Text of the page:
"As for the match-up itself, the fact that Proviso East lacks size could prove to be a disadvantage against Simeon," the Schmidts said. "Everyone can best believe that coach Smith will utilize getting the ball to Jabari Parker and Steve Taylor in the post and we aren't sure if Proviso East has anyone capable of defending against them. Proviso East would have to be able to press and trap, hoping they could generate turnovers in the open court."

Marist coach Gene Nolan, whose team lost to Simeon in the sectional final at Argo, was impressed with how smart and how disciplined Simeon played. "They are the best team in the state for a reason," he said.

"They are talented and very well-coached. They are everything we saw on tape and scouted, so big and strong and long and athletic. They do a great job of disrupting what you want to do. They are a team with great players but they play so unselfishly together.

"What makes them so great is they have so many weapons...Jabari Parker, Steve Taylor, a great point guard in Jaleni Neely, Jaylon Tate coming off the bench and Kendrick Nunn's ability to shoot and stretch a defense. They have so many ways they can beat you."

To seriously challenge Simeon, Nolan knew his team had to shoot well. But Marist was 6-of-22 in the first half. "The defense contested those shots. They made it very difficult for us to win. We went into the game knowing how good they are and they validated it," Nolan said.

Schaumburg coach Matt Walsh also heaped praise on the Proviso East team that ousted his Saxons in the sectional final at Schaumburg.

"They're unbelievable, the fastest team I've ever seen," Walsh said. "They play hard all the time. The defensive pressure they bring is tremendous. They put so much pressure on you. Beating their pressure is a feat in itself. You have to attack it and get off a good shot. If you hold the ball, they will trap you. You can't get into a track meet with them."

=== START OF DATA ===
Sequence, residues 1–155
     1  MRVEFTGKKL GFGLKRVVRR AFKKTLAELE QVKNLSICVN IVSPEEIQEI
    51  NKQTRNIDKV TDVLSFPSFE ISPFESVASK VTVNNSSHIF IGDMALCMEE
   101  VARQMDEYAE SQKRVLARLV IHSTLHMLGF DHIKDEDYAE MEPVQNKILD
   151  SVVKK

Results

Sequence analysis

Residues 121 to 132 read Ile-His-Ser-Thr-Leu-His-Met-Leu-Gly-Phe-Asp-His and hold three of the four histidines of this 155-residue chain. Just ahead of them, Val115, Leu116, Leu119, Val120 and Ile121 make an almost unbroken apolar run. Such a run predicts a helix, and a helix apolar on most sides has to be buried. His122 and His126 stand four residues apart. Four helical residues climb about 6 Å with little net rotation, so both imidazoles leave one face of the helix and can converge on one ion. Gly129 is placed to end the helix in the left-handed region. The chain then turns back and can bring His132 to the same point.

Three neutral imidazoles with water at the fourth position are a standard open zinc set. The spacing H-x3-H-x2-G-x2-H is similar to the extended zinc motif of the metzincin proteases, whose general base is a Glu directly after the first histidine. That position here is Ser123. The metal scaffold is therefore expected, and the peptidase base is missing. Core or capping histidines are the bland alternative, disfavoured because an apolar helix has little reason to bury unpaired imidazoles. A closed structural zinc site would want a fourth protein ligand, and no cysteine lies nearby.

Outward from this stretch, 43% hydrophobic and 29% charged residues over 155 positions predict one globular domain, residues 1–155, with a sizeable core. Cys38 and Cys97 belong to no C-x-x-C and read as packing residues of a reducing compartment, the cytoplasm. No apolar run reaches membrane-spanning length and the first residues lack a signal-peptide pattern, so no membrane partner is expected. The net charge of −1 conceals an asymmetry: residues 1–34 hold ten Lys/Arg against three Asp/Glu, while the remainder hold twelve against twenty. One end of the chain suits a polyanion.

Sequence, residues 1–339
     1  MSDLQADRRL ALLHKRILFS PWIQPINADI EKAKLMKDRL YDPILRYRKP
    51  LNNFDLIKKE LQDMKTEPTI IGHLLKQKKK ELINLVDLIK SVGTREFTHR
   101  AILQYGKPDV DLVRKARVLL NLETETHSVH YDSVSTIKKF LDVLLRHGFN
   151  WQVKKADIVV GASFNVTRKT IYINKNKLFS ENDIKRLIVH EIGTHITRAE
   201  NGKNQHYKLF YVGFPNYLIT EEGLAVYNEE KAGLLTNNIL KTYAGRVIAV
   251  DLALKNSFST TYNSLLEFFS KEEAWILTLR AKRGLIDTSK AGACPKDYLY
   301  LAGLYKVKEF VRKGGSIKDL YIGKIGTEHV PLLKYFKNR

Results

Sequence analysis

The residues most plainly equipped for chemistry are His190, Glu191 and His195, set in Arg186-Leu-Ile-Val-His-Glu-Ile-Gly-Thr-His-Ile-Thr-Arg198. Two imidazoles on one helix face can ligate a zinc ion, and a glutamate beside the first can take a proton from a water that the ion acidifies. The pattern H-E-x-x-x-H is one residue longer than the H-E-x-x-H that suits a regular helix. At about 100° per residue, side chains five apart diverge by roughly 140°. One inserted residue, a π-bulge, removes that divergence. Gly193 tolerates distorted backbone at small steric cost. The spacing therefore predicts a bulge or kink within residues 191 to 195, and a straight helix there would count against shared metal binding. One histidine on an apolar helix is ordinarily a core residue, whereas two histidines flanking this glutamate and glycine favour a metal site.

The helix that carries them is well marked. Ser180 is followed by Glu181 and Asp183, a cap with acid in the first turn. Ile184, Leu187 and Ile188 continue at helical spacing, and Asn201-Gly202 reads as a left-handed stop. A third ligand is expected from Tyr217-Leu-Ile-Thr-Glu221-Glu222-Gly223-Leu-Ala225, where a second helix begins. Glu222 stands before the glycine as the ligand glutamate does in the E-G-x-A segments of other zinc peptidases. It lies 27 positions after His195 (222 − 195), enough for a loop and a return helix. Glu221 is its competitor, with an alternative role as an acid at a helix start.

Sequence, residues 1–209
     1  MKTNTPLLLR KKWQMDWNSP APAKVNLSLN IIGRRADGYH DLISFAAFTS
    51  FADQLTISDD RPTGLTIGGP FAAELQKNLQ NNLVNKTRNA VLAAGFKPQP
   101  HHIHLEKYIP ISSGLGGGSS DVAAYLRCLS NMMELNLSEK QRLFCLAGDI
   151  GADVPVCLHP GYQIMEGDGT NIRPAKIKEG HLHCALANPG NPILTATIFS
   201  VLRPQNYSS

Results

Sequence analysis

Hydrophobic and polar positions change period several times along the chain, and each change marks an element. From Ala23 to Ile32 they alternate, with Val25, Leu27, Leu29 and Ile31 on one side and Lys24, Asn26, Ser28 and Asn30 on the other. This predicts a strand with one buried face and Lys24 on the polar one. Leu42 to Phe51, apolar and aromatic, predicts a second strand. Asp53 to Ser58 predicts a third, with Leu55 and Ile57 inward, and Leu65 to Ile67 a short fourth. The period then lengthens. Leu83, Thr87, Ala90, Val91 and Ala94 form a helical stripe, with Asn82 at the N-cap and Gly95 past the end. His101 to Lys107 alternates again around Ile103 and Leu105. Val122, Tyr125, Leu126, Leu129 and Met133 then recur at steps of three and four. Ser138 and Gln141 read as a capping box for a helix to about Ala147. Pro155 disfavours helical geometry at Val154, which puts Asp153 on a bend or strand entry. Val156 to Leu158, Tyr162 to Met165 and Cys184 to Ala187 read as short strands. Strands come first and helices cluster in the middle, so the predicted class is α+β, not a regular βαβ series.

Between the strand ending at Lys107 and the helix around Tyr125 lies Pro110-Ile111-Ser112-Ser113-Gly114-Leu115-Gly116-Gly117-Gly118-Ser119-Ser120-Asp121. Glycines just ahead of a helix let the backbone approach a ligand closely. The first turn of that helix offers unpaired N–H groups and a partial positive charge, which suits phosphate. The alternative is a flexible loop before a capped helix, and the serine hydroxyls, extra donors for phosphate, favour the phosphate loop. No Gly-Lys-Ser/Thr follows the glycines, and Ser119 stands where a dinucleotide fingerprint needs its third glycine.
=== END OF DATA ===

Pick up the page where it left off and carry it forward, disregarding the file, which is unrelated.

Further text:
Walsh pointed out that Proviso East has five players on the floor at all times (usually Keith Carter, Sterling Brown, Paris Burns, Paris Lee and TraShaun Carroll) who are unbelievably fast and talented and skilled.

"I see no weakness," Walsh said. "Maybe Simeon can throw over the top of Proviso East's pressure. But what makes them so difficult to play is they always have five players on the floor who can handle the ball, pass it and shoot it. Their guards (Carter, Burns, Lee) are such a high quality. It is impossible to stop their dribble penetration."

Jimmy Butler's injury produced memories for Zach LaVine, Fred Hoiberg

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USA TODAY

Jimmy Butler's injury produced memories for Zach LaVine, Fred Hoiberg

MINNEAPOLIS — That feeling of having your knee buckle out of nowhere, Zach LaVine is all-too familiar with it.

That feeling of being on the sidelines and watching Jimmy Butler’s knee give out, Fred Hoiberg has been there, too.

Different perspectives, and different reactions but Butler’s knee injury produced a sick feeling to many who watched it Friday night. Butler turned to pivot in the Timberwolves’ game against the Houston Rockets and immediately collapsed on the floor, having to be carried off.

LaVine tore his ACL in Detroit over a year ago, while it was revealed Butler suffered a right meniscus injury. But it looked all the same and LaVine understood the uncertainty Butler must’ve been feeling before the MRI revealed it wasn’t an ACL injury.